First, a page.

Everybody who has a fireplace in decent working order - and a few daring people who don't - can be found on the long winter nights of January scratching those long, long matches and starting a log fire.
Sometimes it takes a long winter's night and a lot of long, long matches to get the business blazing, but what else are long winter nights for?
It should be clear that we do not pretend to be expert at the art of the open fire. Somewhere in our archives, dating back to childhood, there are a couple of very chafed sticks, rubbed together conscientiously with no inflaming results. It's been going pretty much that way ever since. Arson is not our crime.
Like gourmet cooks and flower-arrangers, the log-fire experts are everywhere, with their neat little recipes for ''how-to.'' Let others deal in the log fire as an advanced skill, like tennis. We're here to describe the pleasures - every one of them.
For instance, the opening ceremony of clicking the damper. What a nice, palpable feeling of power! With a little twist or a prod, you turn this bourgeois brick artifact into an open, ancient hearth, shooting right up to the sky. Then you take the newspaper of your choice and crumple it thoughtfully under the grate. By ''thoughtfully'' we mean that more newspaper stories get read this way - at the last minute, with the peruser kneeling, match practically at the ready.
We recommend cramming all the paper you can under the grate. You can gain a lot of confidence, setting paper on fire. A sweeping, majestic motion with the match helps too - a gesture that says, ''I have no doubts.''
But wait! We've forgotten - as, in fact, we sometimes do - the wood. Once there used to be a thing called kindling. You can't buy kindling anymore. Not to worry. Inspect the wood just delivered to you by your faithful upcountry dealer. Probably 40 percent of it is what used to be called kindling. These days kindling is to logs what peanuts are to mixed nuts.
Having arranged these, well, small logs in about any order, some firemakers scratch the match and go for it, figuring they'll throw on the big logs later. This way they may enjoy at least a moment of glory before the whole enterprise sputters out.
Such fudging tactics are regarded as the coward's style in the best blazing circles. A paper fire doesn't count. A paper and kindling fire doesn't really count. It's all flash and filigree - showy preliminary.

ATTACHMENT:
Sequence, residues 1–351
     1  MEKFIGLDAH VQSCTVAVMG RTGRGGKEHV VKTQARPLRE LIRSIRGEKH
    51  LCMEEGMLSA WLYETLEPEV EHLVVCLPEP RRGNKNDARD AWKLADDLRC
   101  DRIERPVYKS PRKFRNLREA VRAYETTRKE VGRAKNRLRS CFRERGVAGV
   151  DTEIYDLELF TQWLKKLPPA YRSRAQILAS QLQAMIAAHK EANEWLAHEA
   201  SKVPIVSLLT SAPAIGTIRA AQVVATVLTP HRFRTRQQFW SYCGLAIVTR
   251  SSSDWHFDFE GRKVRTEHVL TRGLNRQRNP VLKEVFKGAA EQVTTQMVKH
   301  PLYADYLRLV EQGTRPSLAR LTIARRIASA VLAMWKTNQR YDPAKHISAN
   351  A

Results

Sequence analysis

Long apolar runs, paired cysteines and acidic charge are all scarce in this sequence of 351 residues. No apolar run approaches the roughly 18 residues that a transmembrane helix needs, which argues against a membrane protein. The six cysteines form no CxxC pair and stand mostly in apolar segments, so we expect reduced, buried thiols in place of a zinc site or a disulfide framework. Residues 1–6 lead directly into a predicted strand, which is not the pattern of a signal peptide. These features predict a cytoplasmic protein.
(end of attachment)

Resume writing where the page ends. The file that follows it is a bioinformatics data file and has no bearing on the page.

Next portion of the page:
The only honorable approach is to take your chances. Build your log triangle or lay on the big log at the back. Whatever your system is, do it.
Certainly it's humiliating if nothing happens, if that last lick of kindling flame wavers down and down and down. There's an awful moment when it finally disappears and smoke - mean, dark smoke - billows up, and even an optimist has to admit: We're not going to make it. Not this time.
If anybody is watching, the failed firemaker has to mutter something like, ''Drat! Green wood.'' Or just: ''What do you suppose . . . ? Hmmm.''
Then he or she has to start all over again while the fading embers sort of smirk. But if and when a big log catches fire, what a victory that first curl of yellow flame marks for the match-scratcher! Primal cold and utter darkness and sheer winter villainy have been confounded. Civilization wins again.
With what authority - if anybody is watching - you seize the poker and give the blazing logs a shake, as if that's the whole secret. A trick known only to certain Pacific Northwest Indians and Prometheus and you.
The learned log-burners recognize the snap of ash or maple or birch. You may blindfold them, and by the smell alone they can tell you what part of New Hampshire the wood came from - within 25 miles, or your money back.
Our kind only know what we like. Say, the subtle colorings in a tongue of flame, changing hue as suddenly, as demurely as a blush. You really have to watch. But that's the idea anyway.
Not for us the garish, artificial colors of a chemical ''log.'' That's fire for the television crowd who want everything overplayed, like laughter on the soundtrack.
We assume our position, now that the blaze is on, and simply witness all this gorgeous life. As for position, has any fire-watcher ever improved upon the choice of dogs and children? Flat on the stomach, maybe 10 feet away. The view is perfect right up to the end, when the embers glow like a sunset, a last fragrance fills the air, and the smoke from one final charred chip spirals up the chimney and into the night.